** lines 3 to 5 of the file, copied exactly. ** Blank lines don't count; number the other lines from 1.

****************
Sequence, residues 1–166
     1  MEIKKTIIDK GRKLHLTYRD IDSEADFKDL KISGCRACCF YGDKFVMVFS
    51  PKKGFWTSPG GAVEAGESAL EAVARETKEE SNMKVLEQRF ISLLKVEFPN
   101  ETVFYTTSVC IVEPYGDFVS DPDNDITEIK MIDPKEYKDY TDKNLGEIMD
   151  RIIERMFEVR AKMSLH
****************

    51  PKKGFWTSPG GAVEAGESAL EAVARETKEE SNMKVLEQRF ISLLKVEFPN
   101  ETVFYTTSVC IVEPYGDFVS DPDNDITEIK MIDPKEYKDY TDKNLGEIMD
   151  RIIERMFEVR AKMSLH